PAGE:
Kim is currently leading research on the role of ideologies and beliefs in areas of conflict, risk and insecurity. At Lancaster, she teaches about religion and other ideologies in public life, and on the relationship between the religion and the secular. She has published recent books on migration and diasporas, and on how the British media represent religion, atheism and secularism.
Her book Hinduism: A Very Short Introduction is widely used by university and school students. From 2005-11, she directed a national research programme on ‘Diasporas, Migration and Identities’ for the Arts and Humanities Research Council, and as part of that produced a website for young people and teachers of Global Education, Citizenship Education, History and Geography called Moving People, Changing Places.
Many years ago Kim went to a comprehensive school in Bristol where she was Chair of Debating. In honour of this she spent her woodwork lessons making a gavel which she used to keep order in debates. Skills learnt then have been put to good use since in university lecturing and chairing meetings.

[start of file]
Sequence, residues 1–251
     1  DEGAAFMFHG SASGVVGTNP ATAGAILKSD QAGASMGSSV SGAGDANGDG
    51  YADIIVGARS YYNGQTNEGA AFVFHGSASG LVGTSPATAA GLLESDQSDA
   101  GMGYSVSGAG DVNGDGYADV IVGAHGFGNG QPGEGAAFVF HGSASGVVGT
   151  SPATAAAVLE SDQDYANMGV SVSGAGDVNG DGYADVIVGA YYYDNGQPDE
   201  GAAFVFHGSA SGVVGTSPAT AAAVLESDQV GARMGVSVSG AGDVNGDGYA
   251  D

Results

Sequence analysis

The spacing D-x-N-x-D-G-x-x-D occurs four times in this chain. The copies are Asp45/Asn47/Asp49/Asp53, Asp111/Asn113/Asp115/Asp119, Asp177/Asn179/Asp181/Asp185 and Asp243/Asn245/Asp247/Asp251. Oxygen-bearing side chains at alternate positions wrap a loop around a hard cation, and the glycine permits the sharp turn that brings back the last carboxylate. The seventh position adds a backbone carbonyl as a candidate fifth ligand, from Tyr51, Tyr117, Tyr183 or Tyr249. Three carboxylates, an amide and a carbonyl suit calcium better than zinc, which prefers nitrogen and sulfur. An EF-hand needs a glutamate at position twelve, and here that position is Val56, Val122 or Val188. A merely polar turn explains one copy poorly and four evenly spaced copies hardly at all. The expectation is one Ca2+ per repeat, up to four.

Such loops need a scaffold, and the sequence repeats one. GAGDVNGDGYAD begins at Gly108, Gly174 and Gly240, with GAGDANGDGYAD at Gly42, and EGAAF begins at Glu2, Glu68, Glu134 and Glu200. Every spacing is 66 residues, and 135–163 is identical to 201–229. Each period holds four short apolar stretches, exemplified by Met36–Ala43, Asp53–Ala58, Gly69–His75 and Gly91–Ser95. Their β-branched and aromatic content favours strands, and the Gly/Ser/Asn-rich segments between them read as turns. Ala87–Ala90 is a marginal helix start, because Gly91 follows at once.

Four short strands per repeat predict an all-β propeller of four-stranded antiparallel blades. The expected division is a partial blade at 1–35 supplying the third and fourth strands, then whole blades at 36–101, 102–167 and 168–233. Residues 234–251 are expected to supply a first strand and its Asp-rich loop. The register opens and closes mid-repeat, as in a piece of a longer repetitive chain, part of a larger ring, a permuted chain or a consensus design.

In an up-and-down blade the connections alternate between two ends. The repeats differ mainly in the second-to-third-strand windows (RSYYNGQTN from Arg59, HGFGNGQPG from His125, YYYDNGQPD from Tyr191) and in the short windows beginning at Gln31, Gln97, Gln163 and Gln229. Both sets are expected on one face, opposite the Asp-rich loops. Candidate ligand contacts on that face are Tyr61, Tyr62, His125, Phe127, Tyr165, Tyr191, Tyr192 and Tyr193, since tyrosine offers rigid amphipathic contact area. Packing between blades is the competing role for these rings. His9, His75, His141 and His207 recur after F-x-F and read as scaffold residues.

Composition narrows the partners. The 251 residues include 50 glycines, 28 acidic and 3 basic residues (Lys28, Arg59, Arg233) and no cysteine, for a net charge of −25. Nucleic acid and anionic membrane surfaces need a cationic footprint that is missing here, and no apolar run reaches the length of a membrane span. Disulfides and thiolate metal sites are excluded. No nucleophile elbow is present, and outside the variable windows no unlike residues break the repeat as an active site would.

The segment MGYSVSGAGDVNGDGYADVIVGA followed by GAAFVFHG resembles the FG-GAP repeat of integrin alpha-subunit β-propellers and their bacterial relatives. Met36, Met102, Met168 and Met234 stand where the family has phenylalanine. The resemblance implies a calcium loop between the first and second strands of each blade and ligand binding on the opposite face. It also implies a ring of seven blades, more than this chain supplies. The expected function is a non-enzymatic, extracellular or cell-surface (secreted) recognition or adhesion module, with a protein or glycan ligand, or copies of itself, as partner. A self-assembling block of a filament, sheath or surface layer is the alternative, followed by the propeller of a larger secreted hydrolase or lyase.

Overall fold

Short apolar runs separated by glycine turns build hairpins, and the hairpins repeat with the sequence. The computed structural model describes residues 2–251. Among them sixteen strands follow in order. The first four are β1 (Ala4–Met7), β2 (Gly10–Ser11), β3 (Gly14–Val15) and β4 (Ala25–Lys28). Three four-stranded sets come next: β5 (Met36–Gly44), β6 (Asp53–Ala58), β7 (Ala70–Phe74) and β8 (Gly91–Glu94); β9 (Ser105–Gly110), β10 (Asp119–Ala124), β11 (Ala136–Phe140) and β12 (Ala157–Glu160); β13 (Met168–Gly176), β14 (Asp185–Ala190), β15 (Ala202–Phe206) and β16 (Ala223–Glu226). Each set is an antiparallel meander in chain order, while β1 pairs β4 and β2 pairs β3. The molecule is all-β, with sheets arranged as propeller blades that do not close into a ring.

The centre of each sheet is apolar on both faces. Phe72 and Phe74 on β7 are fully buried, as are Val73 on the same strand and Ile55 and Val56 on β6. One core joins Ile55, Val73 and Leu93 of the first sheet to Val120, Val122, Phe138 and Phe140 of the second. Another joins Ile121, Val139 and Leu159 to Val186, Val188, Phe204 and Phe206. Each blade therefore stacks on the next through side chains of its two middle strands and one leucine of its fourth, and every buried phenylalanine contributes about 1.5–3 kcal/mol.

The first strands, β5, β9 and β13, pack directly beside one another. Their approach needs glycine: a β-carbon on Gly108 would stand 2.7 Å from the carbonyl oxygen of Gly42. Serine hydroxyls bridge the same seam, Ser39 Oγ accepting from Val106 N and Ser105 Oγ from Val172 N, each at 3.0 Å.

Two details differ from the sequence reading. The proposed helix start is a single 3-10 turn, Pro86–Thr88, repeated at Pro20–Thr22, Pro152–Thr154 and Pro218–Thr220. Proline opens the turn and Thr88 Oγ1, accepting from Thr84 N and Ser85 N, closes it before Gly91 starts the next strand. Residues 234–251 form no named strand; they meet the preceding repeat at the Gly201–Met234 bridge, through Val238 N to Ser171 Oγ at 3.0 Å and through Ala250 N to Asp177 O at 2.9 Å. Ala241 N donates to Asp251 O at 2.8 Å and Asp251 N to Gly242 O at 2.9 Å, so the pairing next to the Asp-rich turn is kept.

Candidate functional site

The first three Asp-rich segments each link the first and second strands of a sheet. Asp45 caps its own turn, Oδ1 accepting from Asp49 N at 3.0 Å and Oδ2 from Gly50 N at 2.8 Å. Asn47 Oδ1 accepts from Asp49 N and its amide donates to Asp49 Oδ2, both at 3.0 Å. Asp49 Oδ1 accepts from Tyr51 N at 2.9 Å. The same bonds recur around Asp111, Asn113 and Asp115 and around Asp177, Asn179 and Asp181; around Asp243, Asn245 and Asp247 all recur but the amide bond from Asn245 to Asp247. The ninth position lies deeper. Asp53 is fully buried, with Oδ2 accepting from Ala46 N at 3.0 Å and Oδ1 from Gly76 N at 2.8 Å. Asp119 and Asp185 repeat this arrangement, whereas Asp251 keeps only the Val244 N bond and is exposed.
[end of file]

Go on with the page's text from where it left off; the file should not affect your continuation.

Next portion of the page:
From bullet trains to driverless cars: where is transport going?
"Although 'battle' suggests destruction, these were some of the most constructive debates I've taken part in. This was civilised conflict in the best sense of both words."
Julian Baggini, author, Welcome to Everytown: A Journey into the English Mind, and The Ego Trick